I’m pretty confident that no matter when or how Donald Trump leaves the White House, he will one day be considered the worst president in American history. With that being said, I always find a bit of comfort in this quote from the late great Molly Ivins.
Things are not getting worse; things have always been this bad. Nothing is more consoling than the long perspective of history. It will perk you up no end to go back and read the works of progressives past. You will learn therein that things back then were also terrible, and what’s more, they were always getting worse. This is most inspiriting.
We don’t often put politics these days in the context of history. But I’d like to give you an example that demonstrates Molly’s point. Back in the late 1940s, Arthur Schlesinger, Jr. wrote a book titled, The Vital Center. If it were published today, the title would lead people to assume it had been written by someone associated with the Third Way. But Schlesinger is the guy who vigorously worked on the presidential campaigns of Adlai Stevenson, George McGovern, and Robert Kennedy. Here’s an overview of the book:
The Vital Center is an eloquent and incisive defense of liberal democracy against its rivals to the left and to the right, communism and fascism. Originally published in 1949, it shows how the failures of free society led to the disenchantment of the masses with democracy, and sharpened the appeal of totalitarian solutions. The book calls for a radical reconstruction of the democratic polity based on a realistic understanding of human limitations and frailties.
The “disenchantment of the masses with democracy” sounds familiar, doesn’t it? We can clearly see the source of the fascist threat today. But the communist threat, as it appeared back in the late 1940s, is pretty much gone. A lot of people, like Sheri Berman, are suggesting, however, that “Democratic socialists are conquering the left.” Gallup weighed into that discussion, pointing to their poll suggesting that Democrats are more positive about socialism than capitalism.
Based on that kind of reporting, you might think that the whole frame being touted in the media recently about the tug of war going on between the Democratic Party and its left flank was something new. But it was obviously alive and well during the late 1940s. Schlesinger describes the leftists of his days as “doughfaces,” proving that previous generations of political discourse don’t tend to fit our mythical belief about a more civil past.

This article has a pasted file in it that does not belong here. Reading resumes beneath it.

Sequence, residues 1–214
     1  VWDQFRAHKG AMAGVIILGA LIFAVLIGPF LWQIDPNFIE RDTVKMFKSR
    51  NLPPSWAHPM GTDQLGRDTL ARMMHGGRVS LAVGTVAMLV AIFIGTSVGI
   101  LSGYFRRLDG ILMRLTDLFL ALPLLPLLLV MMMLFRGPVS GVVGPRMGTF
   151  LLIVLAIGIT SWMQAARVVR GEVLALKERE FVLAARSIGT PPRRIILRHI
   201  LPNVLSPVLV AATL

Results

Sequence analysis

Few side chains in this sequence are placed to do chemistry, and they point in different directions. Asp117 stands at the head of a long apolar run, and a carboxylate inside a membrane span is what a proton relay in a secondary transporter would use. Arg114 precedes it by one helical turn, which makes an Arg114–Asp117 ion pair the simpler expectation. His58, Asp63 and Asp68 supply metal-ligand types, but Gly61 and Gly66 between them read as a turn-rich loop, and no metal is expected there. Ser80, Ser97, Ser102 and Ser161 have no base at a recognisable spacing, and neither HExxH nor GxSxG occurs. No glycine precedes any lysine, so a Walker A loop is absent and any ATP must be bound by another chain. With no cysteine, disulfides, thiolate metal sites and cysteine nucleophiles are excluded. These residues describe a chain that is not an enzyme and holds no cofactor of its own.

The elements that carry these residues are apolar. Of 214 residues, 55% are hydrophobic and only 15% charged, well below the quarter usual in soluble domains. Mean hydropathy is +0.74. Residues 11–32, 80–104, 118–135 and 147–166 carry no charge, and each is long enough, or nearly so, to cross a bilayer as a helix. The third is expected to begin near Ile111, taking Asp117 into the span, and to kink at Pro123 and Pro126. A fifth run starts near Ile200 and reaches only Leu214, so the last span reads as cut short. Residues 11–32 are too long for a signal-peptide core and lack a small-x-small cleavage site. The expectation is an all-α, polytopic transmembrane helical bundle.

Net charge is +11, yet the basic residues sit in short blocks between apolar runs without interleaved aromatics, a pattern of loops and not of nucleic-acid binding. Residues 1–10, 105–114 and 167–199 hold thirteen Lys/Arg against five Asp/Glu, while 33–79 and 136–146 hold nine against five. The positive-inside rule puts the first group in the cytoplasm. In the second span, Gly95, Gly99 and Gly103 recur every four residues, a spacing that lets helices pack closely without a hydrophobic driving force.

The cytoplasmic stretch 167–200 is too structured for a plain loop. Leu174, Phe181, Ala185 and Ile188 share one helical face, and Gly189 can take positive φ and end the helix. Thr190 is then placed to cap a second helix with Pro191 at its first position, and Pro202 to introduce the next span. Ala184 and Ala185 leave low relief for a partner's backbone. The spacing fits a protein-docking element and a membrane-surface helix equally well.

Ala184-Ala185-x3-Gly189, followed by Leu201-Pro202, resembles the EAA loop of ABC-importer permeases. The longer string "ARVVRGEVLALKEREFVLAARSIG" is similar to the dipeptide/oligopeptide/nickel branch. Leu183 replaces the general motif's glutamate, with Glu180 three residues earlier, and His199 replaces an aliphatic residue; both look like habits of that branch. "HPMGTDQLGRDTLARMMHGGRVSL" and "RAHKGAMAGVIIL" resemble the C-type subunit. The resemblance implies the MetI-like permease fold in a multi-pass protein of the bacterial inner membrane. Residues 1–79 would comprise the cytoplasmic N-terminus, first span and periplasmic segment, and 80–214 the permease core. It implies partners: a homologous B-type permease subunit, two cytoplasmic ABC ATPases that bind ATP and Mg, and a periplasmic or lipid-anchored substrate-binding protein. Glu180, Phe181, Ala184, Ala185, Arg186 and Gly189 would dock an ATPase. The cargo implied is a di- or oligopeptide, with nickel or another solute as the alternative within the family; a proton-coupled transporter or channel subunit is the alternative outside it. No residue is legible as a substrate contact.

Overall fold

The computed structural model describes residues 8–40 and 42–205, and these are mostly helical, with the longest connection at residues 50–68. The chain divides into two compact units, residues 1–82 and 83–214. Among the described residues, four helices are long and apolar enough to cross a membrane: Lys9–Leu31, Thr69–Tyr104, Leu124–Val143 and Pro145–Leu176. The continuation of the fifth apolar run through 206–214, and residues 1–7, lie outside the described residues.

The progressive once disciplined by the responsibilities of power is often the most useful of all public servants; but he, alas, ceases to be a progressive and is regarded by all true Doughfaces as a cynical New Dealer or a tired Social Democrat.
Having renounced power, the Doughface seeks compensation in emotion. The pretext for progressive rhetoric is, of course, the idea that man, the creature of reason and benevolence, has only to understand the truth in order to act upon it.
But the function of progressive rhetoric is another matter; it is, in Dwight MacDonald’s phrase, to accomplish “in fantasy what cannot be accomplished in reality.” Because politics is for the Doughface a means of accommodating himself to a world he does not like but does not really want to change, he can find ample gratification in words. They appease his twinges of guilt without committing him to very drastic action.
…The Doughfaces differ from Mr. Churchill: dreams, they find, are better than facts. Progressive dreams are tinged with a brave purity, a rich sentiment and a noble defiance. But, like most dreams, they are notable for the distortion of facts by desire.
Clearly, the differences among Democrats these days are nothing new. But no one on either side has called their opponents “Doughfaces”… at least not yet. That should, as Molly Ivins would say, “perk you up to no end.”